How Do Heating Systems Work?
How Do Heating Systems Work?
By Amy Nutt
It may come as somewhat of a surprise, but not every heating system is created equal. Though most of your home's heat will be delivered to its destination as a result of adjustments you make to your individual zone's thermostats, the method of delivery could be very different depending upon what resource is responsible for heating your home.
The most common resources used to heat a home are natural gas, oil and electricity. In both oil and natural gas heated homes, the systems could be further broken down into two more possibilities: forced water systems and forced air systems. In forced air systems, hot air is carried through duct work inside of the walls of your home and delivered via discharge vents that may be on the floor, the walls or the ceiling. In forced water systems, water is heated at the boiler and pushed through cooper pipes to radiators which provide heat to the individual rooms.
Forced air systems will generally heat a room more quickly, but in order to maintain the temperature to which the thermostat is set they may have to continue running, where forced water systems (with cast iron radiators) the radiators will take longer to heat up, but will hold the heat for a much longer duration allowing the boiler to run less often once it has heated the room to the requested temperature.
In both types of natural gas and oil home heating system, the generating of the heat begins with a furnace or boiler. When the thermostat is set for a higher temperature than what the current temperature of the home is - the boiler will fire, using either the gas or the oil to heat the water or air depending upon the delivery system. The heated air or water will then travel through the ducts or pipes to deliver the heat where it is needed. Once the room has reached the requested temperature, the boiler will shut down until the temperature drops below where the thermostat is set. Both natural gas and oil systems can be very efficient, with the latest technology it's really difficult to determine which type of system is more beneficial for today's homeowner.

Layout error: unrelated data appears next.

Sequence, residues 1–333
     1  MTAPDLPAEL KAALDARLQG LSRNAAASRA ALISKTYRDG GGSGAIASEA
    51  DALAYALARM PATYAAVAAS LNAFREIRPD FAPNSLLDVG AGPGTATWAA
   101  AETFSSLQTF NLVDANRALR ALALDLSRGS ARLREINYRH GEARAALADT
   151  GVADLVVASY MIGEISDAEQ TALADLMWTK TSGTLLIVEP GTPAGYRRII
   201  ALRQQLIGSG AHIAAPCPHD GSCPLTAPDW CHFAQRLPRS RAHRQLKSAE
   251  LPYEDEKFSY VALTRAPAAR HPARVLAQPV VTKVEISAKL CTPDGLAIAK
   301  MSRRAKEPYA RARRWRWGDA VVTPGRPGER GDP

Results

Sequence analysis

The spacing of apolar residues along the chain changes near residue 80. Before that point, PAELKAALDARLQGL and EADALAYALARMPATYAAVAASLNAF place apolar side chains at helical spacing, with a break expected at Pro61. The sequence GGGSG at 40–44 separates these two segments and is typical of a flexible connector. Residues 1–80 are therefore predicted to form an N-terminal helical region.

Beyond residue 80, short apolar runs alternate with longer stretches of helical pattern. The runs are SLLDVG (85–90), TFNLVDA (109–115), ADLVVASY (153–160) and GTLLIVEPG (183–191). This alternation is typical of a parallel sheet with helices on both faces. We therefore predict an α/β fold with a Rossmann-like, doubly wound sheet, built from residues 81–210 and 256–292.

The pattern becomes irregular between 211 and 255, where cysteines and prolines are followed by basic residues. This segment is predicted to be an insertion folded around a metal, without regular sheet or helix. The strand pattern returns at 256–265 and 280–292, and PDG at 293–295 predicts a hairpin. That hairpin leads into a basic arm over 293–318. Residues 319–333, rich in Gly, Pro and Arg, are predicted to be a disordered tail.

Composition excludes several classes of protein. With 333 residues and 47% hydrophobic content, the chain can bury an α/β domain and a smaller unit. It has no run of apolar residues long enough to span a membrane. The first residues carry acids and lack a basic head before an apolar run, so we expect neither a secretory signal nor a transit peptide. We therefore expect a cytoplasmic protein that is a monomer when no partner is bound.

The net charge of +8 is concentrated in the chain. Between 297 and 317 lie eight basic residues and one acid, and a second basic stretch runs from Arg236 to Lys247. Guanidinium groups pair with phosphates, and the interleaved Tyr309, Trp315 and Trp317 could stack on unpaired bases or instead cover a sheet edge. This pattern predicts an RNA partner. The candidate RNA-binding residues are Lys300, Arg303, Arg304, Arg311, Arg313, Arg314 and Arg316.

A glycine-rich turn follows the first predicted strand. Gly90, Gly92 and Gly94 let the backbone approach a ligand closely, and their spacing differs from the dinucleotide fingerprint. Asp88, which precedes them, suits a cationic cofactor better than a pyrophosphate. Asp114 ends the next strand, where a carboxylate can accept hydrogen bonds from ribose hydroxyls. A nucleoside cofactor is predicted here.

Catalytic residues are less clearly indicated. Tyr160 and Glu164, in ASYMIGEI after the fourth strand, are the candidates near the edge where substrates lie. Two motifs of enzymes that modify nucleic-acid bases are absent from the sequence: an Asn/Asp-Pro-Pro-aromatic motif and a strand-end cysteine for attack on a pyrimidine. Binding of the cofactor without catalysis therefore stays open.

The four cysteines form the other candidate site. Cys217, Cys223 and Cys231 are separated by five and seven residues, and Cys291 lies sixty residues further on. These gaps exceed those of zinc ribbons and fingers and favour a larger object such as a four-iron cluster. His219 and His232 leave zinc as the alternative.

Electric heating for the entire home isn't usually considered quite as efficient as whole home natural gas or oil systems, but the technology does seem to be catching up. Electric home heat is generally easier to install and initially les expensive because there is no boiler or furnace required to burn a fossil fuel. Electric heaters look very much like the baseboard heaters that are hooked to forced water systems but are connected by copper wire directly to your home's electrical service panel. Electrical heaters can be operated from a thermostat as well and when heat is required the electricity provided by your service panel will heat a coil inside of the baseboard unit to deliver heat to that particular room.
With electric baseboard heaters you can add extra heat to an already existing system of another type, provided that you have the space required in your panel board to supply the necessary power. Electric baseboard heaters are a great way to add heat to a finished basement, attic or attached garage that had no heat before because they require no piping or duct work for installation - it may not be easy to run the wire necessary to make the connection, but it's generally much easier to run pliable wire that it is to run rigid pipe or ducts.
Three different types of systems, working in different ways, all to deliver exactly the same results, it's up to you to decide which system (or which combination of systems) may work the best to suit your particular home heating needs.
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